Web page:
Through out the scriptures we are told that God is good. When we hear this we tend to describe the word good in terms of immediately recognizable “good.” Our definition of the term “good” could alternately use synonyms like “pleasant, pleasing, desirable, pain-free, or sought-after.” When we study the verses that deal with the phrase “God is good,” we see that part of God’s “good” activity towards us is not within that shallow, immediate definition. In scripture we find things like “testing,” “trying,” “examining,” and “sacrificing” in the context of describing God's goodness towards us. In Psalm 107, which begins and ends with statements attesting to the “goodness” of God, forty-three verses are laced with real life situations where the goodness of God is manifested to people. Some of these people were lost and wandering, some had been subjected to bitter labor by God, others where caught in a storm sent by God, some of them were suffering in divine discipline for their rebellion. Although each group was in a different situation and for a different reason (some had rebelled, some had obeyed, some were guilty, some were innocent), they all were in the goodness of God.
The truth that God is doing something in our lives to change us is so obvious it goes without saying, but yet it is one of the things we must be taught so we do not go to extremes.
In Philippians 4:12-13 Paul says he has “learned the secret of being content in any and every situation.” In the original Greek the phrase “learned the secret” is a technical term that refers to the process of initiation. The initiation would include more than knowledge but a sequences of life experiences. Four situations in life are then listed by Paul and written with specific Greek verb tenses. I have taken these four situations and formed a quadrant which can be used to help identify and clarify changing situations in our life. Paul says he has learned to be content when “well fed,” “hungry,” “in plenty,” or “in want.” These four may seem redundant in the English Bible as if saying “prosperity or poverty, or prosperity or poverty.”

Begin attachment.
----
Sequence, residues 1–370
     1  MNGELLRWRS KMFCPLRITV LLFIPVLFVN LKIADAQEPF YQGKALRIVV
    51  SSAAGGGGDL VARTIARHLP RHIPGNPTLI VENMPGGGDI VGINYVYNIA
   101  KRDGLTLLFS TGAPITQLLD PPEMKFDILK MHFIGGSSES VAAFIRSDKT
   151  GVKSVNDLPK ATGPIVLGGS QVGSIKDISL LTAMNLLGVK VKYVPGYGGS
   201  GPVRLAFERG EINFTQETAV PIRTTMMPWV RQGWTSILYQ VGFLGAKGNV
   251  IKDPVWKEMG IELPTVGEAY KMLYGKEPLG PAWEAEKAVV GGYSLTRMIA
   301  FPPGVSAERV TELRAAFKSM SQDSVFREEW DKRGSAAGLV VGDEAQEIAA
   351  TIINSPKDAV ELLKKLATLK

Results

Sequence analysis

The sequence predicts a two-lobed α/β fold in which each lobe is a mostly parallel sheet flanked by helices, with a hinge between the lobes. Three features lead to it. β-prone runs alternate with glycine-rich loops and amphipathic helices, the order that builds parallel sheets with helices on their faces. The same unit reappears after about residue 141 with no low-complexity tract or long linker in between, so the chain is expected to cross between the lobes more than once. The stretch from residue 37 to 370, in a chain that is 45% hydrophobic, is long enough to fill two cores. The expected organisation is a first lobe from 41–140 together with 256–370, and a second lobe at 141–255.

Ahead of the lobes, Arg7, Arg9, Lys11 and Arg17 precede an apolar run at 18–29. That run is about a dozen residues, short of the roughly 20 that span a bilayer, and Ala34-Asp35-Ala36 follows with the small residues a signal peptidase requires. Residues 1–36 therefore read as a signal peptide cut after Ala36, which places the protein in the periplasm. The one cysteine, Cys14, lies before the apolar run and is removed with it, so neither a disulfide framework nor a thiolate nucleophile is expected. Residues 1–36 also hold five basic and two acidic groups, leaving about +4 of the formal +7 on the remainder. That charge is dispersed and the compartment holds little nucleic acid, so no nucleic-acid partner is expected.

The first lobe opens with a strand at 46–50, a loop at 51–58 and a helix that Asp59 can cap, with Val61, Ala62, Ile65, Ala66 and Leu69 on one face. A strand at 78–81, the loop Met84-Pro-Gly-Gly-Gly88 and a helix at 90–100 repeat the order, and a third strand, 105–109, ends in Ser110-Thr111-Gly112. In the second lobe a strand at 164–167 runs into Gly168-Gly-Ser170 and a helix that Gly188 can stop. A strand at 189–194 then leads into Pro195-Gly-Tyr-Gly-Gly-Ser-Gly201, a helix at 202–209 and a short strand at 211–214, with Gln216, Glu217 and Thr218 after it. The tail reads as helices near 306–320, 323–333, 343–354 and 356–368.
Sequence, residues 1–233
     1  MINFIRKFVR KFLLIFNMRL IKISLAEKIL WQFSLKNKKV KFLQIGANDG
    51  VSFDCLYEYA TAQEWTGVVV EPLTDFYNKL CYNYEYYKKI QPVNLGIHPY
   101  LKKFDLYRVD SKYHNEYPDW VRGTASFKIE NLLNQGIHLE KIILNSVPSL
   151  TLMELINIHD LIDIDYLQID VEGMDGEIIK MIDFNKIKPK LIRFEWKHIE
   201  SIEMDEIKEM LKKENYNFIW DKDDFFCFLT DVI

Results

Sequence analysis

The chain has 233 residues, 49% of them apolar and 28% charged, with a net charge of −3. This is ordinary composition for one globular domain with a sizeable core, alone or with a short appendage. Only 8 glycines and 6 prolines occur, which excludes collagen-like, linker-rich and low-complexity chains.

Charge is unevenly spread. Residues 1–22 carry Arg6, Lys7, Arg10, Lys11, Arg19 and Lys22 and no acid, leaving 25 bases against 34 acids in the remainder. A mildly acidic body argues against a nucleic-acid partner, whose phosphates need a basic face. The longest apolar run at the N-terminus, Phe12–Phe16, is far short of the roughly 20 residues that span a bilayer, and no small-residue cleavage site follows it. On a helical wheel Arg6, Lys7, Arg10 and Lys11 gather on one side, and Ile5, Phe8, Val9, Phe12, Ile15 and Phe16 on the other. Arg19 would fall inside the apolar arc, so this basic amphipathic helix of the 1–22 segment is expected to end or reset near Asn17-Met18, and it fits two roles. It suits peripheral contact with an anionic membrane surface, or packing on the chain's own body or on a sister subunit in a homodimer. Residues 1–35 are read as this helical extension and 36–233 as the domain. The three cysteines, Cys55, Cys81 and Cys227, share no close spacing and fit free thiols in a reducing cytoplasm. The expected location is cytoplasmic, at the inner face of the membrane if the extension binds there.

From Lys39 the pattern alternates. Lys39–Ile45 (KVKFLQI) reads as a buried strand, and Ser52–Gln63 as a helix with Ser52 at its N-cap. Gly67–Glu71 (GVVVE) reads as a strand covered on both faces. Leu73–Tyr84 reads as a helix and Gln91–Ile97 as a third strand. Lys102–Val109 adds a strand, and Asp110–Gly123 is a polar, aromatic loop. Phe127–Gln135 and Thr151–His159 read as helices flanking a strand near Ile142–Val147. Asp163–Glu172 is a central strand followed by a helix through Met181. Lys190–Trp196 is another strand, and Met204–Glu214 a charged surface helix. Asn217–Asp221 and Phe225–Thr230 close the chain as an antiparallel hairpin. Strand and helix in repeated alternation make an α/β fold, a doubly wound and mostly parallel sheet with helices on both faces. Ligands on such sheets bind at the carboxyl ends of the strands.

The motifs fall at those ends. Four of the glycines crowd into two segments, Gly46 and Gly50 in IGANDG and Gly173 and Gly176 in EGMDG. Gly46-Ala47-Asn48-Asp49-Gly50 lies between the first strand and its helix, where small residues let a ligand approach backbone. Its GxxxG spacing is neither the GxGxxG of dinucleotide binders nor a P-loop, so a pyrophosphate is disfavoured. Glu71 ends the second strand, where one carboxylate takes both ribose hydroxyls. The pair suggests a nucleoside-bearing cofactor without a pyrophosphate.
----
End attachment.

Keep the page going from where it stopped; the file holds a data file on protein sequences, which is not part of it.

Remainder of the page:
The tenses of the verbs that Paul uses in the Greek text develops the quadrants that can categorize every situation in life.
The first prosperity phrase (“well fed”) is passive. Meaning Paul was the recipient and not the doer of the verb. In other words he did not cause it to happen. This is true of the last phrase (“in want”) indicating there were times that Paul was in need that were out of his control. Paul did not deserve or cause the lack in this situation, it was given to him. The other two phrases (“hungry” or “plenty”) are in the active tense meaning Paul did or created both of these in his life at some time.
All of these serve a purpose and is the manifestation of the goodness of God in our lives. You may be suffering undeserving like Joseph or deserving like Samson. You may be prosperous undeservingly like Solomon or deserving like Abraham. But, one thing is true, God’s goodness will eventually take you to all four quadrants and through his initiation you can be content in any of them.
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